The alpha carbonic anhydrase enzymes have been well studied, leading to an understanding of how they work. Three structures are shown here, showing three steps in the process. The structure at the top (PDB entry 5dsj) is the empty enzyme. The active site includes a zinc ion (magenta), which is held by three histidines (purple). The zinc also coordinates a hydroxide ion (red). At bottom left (PDB entry 5dsi), carbon dioxide (red and gray) is bound and a glutamate and a threonine (green) assist with the reaction. At bottom right (PDB entry 1cam), the hydroxide has been added, forming carbonic acid. The threonine has been mutated to alanine to help capture the complex. The histidine at upper left (green), which was seen in two different conformations in the structure, assists with guiding one of the nearby water molecules (orange) to the zinc ion, and converting it to a hydroxyl. To explore these three structures in more detail, click on the image for an interactive JSmol.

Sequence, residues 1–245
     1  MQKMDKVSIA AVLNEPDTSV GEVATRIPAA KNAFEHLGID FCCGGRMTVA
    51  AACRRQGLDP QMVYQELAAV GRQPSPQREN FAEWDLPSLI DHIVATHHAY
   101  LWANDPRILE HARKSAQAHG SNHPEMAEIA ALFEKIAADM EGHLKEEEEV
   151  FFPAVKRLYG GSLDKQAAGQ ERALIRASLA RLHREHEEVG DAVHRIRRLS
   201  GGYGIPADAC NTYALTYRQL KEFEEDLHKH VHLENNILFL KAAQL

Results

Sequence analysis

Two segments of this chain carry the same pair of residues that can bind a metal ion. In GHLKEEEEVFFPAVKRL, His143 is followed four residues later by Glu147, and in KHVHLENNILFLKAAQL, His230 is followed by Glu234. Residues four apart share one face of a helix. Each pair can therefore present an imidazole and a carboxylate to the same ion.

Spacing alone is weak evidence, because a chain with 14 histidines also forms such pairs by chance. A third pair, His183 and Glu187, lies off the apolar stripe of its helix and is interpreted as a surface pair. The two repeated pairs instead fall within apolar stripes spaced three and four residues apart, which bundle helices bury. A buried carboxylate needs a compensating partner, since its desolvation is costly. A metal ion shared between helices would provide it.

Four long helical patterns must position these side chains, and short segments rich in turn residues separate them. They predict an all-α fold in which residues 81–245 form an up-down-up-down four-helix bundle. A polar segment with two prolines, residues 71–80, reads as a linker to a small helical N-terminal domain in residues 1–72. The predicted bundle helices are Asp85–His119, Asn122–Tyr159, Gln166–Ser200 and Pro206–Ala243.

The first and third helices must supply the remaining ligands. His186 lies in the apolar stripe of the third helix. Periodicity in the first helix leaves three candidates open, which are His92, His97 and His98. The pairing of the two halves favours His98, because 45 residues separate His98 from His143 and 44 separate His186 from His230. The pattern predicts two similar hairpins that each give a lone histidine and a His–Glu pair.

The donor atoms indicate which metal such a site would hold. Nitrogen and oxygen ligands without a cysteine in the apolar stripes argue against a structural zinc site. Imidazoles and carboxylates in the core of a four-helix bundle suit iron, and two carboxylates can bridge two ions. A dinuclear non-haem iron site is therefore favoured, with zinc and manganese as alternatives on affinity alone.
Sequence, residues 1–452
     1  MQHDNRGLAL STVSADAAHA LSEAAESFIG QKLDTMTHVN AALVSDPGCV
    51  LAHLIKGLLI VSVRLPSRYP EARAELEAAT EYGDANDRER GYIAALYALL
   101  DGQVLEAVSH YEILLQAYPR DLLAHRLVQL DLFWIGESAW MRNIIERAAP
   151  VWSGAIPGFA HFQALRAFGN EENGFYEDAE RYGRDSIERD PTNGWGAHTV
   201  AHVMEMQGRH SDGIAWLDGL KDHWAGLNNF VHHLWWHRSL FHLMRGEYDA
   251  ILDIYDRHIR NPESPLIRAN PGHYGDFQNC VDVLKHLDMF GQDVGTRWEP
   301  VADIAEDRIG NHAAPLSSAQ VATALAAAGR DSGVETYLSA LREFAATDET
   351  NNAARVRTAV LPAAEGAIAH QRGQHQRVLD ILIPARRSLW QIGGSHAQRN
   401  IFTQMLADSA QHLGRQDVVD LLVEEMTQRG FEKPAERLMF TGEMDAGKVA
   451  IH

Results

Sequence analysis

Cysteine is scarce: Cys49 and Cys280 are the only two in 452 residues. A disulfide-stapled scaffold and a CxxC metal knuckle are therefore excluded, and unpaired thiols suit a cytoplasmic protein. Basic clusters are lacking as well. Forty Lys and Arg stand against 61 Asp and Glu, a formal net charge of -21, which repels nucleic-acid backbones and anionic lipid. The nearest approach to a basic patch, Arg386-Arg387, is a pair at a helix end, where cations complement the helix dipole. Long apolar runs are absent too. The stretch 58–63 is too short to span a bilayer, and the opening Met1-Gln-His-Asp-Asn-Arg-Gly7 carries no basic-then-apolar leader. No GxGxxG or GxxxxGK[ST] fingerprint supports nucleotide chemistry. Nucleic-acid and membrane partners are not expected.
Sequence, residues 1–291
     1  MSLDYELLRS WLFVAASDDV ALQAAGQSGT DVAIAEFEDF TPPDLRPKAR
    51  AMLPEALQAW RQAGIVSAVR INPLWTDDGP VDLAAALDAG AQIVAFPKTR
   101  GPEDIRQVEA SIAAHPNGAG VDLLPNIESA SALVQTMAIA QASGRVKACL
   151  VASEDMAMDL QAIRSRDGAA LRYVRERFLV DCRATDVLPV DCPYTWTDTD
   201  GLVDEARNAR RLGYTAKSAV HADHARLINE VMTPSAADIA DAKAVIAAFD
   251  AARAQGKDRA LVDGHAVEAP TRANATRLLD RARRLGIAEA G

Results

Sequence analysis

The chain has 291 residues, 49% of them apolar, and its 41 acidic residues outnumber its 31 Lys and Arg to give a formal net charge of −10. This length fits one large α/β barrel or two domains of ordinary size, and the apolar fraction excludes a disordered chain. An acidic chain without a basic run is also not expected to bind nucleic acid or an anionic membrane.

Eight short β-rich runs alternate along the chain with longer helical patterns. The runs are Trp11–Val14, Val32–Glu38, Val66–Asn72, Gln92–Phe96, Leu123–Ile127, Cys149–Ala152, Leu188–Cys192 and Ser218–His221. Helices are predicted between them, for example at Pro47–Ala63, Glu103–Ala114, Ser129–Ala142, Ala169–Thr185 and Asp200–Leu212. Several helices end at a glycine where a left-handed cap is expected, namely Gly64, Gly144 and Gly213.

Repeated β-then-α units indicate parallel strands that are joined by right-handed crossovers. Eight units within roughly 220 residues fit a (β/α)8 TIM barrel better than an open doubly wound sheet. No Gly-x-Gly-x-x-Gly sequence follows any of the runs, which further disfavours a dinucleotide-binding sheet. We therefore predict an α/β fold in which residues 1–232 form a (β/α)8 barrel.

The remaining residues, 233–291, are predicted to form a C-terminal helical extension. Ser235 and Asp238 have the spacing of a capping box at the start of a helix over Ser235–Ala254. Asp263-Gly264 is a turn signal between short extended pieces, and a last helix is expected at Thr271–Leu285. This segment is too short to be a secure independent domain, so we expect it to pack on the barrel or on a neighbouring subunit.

Topics for Further Discussion

  1. Carbonic anhydrase is an example of a "perfect" enzyme, which performs its reaction as fast as carbon dioxide molecules can diffuse to it. You can find other diffusion-limited enzymes in the PDB archive, including catalase, superoxide dismutase, and triosephosphate isomerase.

References

  1. 5dsi, 5dsj: Kim JK, Lomelino CL, Avvaru BS, Mahon BP, McKenna R, Park SY & Kim CU (2018) Active-size solvent replenishment observed during human carbonic anhydrase II catalysis. IUCrJ 5, 93-102.
  2. BC Tripp, K Smith & JG Ferry (2001) Carbonic anhydrase: New insights for an ancient enzyme. Journal of Biological Chemistry 276, 48615-48618.
  3. 1ddz: S Mitsuhashi, T Mizushima, E Yamashita, M Yamanoto, T Kumasaka, H Moriyama, T Ueki, S Miyachi & T Tsukihara (2000) X-ray structure of beta-carbonic anhydrase from the red alga, Porphyridium purpureum, reveals a nove catalytic site for CO(2) hydration. Journal of Biological Chemistry 275, 5521-5526.